Save dialogs in Mountain Lion have two different modes: compact and expanded. Learn how to easily switch between them. The last setting is remembered, but you can also set a default using the Terminal. Also learn how to switch between saving to iCloud and saving to your local hard drive. You also have two modes in the Print dialog.



Video Transcript (Click to Expand)
Hi this is Gary with MacMost Now. On today’s episode let’s take a closer look at the Save Dialogue.

So the Save Dialogue in Mountain Lion is a little more complex than before. First you have iCloud options as well as saving a file On My Mac and you also have a compact version of the Save Dialogue that appears by default instead of the standard one. Let’s take a look at how to get around in it and make some modifications.

So here we are in TextEdit. I’ve simply created a new document with File/New and typed some text into it. Now it is time to save it. I’m going to choose File/Save or Command S. This is the first time I’m saving it and it is going to ask me where to put it. Now notice a couple of things here.

First it is by default saving to iCloud. Second it is a very compact version of the Save Dialogue. Let’s first change from iCloud to any folder anywhere on my drive and will instantly get something that is now saving to the local drive and this expansion button has now appeared and I can expand it to get more of typical view that you may be used to and you can navigate around in the Finder and put the file where you want.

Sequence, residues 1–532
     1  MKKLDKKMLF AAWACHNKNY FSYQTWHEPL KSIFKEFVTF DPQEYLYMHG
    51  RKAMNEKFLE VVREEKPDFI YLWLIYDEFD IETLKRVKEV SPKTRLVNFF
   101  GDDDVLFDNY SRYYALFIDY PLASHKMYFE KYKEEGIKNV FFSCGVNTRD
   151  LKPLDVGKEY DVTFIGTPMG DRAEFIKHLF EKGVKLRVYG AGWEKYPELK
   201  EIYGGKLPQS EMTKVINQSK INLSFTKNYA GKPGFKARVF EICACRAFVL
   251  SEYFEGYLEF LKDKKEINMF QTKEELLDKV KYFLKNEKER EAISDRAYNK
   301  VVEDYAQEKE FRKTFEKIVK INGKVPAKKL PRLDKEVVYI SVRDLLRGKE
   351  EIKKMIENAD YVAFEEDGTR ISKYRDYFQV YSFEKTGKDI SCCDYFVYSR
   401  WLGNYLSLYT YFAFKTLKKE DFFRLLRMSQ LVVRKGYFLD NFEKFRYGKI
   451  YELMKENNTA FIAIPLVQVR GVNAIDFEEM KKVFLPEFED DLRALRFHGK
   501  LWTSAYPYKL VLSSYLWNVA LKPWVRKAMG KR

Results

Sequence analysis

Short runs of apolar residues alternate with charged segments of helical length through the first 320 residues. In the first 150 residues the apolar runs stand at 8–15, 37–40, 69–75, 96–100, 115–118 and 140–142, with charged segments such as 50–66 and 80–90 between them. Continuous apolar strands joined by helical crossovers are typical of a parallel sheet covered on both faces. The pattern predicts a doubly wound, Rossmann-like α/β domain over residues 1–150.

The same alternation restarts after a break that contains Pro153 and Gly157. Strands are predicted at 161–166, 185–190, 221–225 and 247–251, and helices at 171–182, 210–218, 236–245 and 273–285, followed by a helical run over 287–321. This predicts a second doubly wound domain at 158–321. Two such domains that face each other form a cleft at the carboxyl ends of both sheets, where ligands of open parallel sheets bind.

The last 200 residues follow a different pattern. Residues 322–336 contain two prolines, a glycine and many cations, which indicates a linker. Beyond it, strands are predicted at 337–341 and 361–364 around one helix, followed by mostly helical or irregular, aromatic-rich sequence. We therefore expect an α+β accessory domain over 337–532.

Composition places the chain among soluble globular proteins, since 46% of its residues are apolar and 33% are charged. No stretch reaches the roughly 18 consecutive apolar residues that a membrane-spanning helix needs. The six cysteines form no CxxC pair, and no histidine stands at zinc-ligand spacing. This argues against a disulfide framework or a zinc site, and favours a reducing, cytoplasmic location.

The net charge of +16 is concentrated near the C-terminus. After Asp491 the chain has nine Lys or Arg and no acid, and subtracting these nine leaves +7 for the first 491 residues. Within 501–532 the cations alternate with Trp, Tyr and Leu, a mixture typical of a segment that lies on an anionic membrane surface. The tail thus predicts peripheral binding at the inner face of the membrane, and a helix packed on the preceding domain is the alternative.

Incidentally, you can use Command and then the equals key to move back and forth between the two of these but if you are saving to iCloud then this is disabled and there is no expansion here. You are just basically saving right to your iCloud folder. You can also have subfolders in your iCloud folder if you have created any and they will appear here as well. Otherwise it saves it at the top level.

You can change this default behavior by using the Terminal app. So run the Terminal app that you have on your Mac and you need to use this Command here. It is a command that will basically the command is defaults and then write and then change this specific preference to false which is the document save new documents to cloud. Let’s try that. Now once I do that in the Terminal window there I have to restart TextEdit and once I do see that if I hit Command S for save it will default now to save it here. I can still switch back to iCloud. So I still have the option it just where you start is different.

Now notice that when I do Command S here I do get this expanded dialogue not the compact one and it will remember what I did last. So you can see that I compacted it and then I canceled and then it remembered so I will expand it here, hit cancel, and Command S again and you can see that it remembered.

Now there is a Terminal command for actually saving this so it always starts with the default being to save to the expanded dialogue but of course since it is not really a problem because once you change it once it remembers it the next time.